US unemployment numbers failed to budge in April. Economists have predicted that the rate would fall to 5.8% from March's 6% number, and that 975,000 jobs would be added, after adding 916,000 in March, and that the unemployment rate slipped from 6% to 5.8%.
Instead, today's report shows an unemployment rate stuck at 6.1%, adding only 266,000 new roles. While leisure and hospitality roles increased notably, declines in temporary help and couriers impacted what should have been a positive report.
People are returning to the office. In April, 18.3 percent of employed persons teleworked because of the coronavirus pandemic, down from 21.0 percent in the prior month. These data refer to employed persons who teleworked or worked at home for pay at some point in the last 4 weeks specifically because of the pandemic.
In April, employment in leisure and hospitality increased by 331,000, as pandemic-related restrictions continued to ease in many parts of the country. More than half of the increase was in food services and drinking places (+187,000). Although leisure and hospitality has added 5.4 million jobs over the year, employment in the industry is down by 2.8 million, or 16.8 percent, since February 2020.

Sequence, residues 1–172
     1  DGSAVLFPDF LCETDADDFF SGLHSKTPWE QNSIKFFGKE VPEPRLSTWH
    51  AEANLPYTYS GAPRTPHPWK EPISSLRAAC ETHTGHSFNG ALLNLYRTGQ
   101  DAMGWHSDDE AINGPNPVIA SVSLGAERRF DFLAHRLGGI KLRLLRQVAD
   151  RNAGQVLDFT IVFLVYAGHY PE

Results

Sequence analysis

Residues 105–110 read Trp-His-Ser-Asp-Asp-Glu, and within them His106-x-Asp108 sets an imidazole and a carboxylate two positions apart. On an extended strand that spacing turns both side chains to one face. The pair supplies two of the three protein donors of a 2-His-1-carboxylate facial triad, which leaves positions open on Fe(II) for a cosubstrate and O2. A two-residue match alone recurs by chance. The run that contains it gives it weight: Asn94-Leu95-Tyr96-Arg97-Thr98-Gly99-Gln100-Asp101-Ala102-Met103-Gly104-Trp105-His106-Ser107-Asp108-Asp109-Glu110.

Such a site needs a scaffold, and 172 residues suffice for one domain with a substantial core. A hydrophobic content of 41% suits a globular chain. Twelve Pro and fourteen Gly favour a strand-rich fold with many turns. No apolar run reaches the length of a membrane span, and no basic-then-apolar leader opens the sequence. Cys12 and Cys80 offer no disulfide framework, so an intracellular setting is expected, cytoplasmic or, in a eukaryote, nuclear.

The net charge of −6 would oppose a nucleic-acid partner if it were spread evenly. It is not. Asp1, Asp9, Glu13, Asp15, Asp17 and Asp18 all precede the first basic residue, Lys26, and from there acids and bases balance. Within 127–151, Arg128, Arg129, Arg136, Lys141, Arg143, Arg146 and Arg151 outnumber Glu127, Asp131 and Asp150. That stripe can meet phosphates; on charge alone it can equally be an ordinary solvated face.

Despite these gains, they lag behind expectations as employers struggle to find workers for their open roles, The economic rebound has been so fast that many businesses, particularly in the hard-hit hospitality sector have not been able to build pipelines of candidates. Some unemployed people have also been reluctant to look for work because they fear catching the virus, while others have entered new occupations rather than return to their old jobs. And many women, especially working mothers, have had to leave the workforce to care for children.
Wages and benefits have increased during the first quarter, as employers competed for talent. The number of open jobs is well-above above pre-pandemic levels, while the size of the labor force remains smaller, at 4 million people.
Employers will likely continue to struggle to find talent, suggesting a longer slog towards recovery than had been expected.
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